- The 37-year-old Indian American is the first first Asian-American elected to a county board of commissioners in the state; while the Bangladeshi American becomes the first South Asian and first immigrant member.
Neil Makhija, a Democratic candidate for Montgomery County Commissioner, won the election to fill one of two majority party seats on the governing body of Pennsylvania’s third-largest county. He is “the first-ever Indian American or AAPI to serve on a county’s board of commissioners in the Commonwealth’s 342-year history,” according to a press release issued by Makjija’s team.
“At a time when our fundamental rights and democracy itself are on the line, voters of Montgomery County chose a candidate who will fight to protect democratic principles and values,” said the 37-year-old civil rights advocate and Penn Law election law professor. “I am incredibly grateful and humbled by the voters’ faith in our vision for a proactive approach to protecting our voting rights, keeping guns off our streets, and working to ensure that Montgomery County remains a great place to live and raise a family for all.”
In the new role Makhija will “oversee the board of elections in Montgomery County as well as a $1 billion budget and 3,000 employees including elections, courts, district attorney’s office, public health departments, and public infrastructure, the press release added.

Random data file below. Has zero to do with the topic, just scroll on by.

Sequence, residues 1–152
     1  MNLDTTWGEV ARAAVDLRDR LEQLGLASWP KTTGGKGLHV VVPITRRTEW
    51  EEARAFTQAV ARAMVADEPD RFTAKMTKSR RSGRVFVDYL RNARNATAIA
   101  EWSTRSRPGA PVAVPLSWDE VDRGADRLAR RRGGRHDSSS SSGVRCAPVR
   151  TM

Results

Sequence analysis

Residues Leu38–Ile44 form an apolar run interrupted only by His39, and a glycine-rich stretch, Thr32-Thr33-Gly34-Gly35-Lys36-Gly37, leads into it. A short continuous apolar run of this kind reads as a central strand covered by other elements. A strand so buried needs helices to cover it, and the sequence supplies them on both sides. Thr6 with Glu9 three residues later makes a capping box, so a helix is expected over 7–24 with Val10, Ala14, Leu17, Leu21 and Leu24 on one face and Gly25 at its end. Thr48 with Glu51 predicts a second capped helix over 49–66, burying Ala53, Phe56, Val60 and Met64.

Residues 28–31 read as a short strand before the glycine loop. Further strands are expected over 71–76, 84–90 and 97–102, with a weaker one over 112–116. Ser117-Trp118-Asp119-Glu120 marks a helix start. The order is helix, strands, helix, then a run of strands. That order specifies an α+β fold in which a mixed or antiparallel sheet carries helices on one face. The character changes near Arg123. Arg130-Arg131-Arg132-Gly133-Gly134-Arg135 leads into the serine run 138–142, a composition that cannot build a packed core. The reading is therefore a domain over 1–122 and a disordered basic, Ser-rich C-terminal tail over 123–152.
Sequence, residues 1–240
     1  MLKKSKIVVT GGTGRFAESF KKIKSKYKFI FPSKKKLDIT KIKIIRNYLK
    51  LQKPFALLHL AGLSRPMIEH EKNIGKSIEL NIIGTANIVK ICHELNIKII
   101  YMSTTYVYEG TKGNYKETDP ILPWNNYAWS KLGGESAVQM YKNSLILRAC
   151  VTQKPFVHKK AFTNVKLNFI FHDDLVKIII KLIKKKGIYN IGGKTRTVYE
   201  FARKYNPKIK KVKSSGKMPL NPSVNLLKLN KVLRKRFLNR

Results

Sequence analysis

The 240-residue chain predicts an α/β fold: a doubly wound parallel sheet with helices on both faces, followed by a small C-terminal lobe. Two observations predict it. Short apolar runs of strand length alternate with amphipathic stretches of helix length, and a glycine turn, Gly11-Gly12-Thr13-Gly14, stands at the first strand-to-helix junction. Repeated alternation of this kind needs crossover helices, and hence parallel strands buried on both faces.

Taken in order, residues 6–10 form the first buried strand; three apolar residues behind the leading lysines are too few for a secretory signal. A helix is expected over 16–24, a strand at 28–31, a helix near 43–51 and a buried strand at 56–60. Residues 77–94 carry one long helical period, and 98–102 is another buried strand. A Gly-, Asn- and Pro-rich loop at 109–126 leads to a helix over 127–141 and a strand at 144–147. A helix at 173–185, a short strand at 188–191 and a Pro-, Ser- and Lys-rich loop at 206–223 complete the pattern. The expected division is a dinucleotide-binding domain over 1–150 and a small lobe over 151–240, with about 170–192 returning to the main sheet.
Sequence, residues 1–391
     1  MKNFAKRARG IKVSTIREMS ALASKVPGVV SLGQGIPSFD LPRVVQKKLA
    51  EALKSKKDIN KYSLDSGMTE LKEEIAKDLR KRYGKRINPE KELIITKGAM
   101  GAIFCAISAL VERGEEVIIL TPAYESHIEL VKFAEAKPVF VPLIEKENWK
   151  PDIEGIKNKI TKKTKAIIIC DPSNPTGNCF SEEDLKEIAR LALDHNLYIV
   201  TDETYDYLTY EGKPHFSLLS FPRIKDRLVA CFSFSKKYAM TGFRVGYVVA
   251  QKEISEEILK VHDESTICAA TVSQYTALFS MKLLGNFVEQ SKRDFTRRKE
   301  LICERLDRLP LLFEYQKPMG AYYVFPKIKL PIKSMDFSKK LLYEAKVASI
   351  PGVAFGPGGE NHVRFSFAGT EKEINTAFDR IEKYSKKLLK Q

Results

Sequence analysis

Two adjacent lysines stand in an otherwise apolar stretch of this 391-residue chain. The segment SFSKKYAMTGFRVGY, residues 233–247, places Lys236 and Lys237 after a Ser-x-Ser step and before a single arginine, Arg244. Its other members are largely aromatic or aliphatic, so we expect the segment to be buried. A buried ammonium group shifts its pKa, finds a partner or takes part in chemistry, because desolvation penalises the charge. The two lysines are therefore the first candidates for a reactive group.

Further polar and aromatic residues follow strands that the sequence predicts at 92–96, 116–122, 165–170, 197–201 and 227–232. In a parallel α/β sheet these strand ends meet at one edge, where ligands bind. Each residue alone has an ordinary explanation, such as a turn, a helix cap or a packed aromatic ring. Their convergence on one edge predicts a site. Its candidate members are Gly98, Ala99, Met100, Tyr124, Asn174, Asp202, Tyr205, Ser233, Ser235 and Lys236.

The Pennsylvania native graduated from Harvard Law School and has served as President of IMPACT, a leading national civic organization that turns communities of color out to vote.
History was made in the Philadelphia City Council as well. with Nina Ahmad winning one of the two at-large seats “to become the first South Asian member and the first immigrant in recent memory,” according to The Philadelphia Inquirer. She was the first Bangladeshi American to serve on President Barack Obama’s Asian Americans and Pacific Islanders (AAPI) advisory commission.
After her win, she told The Philadelphia Inquirer that she was “feeling good,” and was “very grateful to the voters of Philadelphia for once again believing in me.” She said she “spent the day thanking poll workers, calling them frontline soldiers keeping our democracy sacred.”
In State College, incumbent Nalini Krishnankutty won another two-year term on the borough council. The Democrat was appointed to the council in June 2022 “to fill the unexpired term of Richard Biever, who stepped down seven months after he was elected when he took a job out of state,” local website statecollege.com reported.
Incumbent Democrat K. S. Bhaskar, won the second term as Township District Supervisor in Tredyffrin 3rd District in Chester County. He received 2,258 or 63.7 percent of the votes to defeat Robert Robie. Since 2020, Bhaskar has been moving Tredyffrin “towards a greener and more sustainable future,” according to the Conservation Voters of PA website.
Meanwhile, Ashwini Udgaonkar lost the Marple Township Commissioner race from Ward 5 in Delaware County. She lost to Republican George Downs who received 862 votes compared to her 663. A resident of Marple for nearly 30 years, she has served her community through pro bono work for Legal Aid of Delaware County to help women get Protection from Abuse Orders and has worked with the Villanova Law School Clinic for Asylum by representing clients in their applications for Asylum, according to her website.
(Top photo, Neil Makhija Facebook)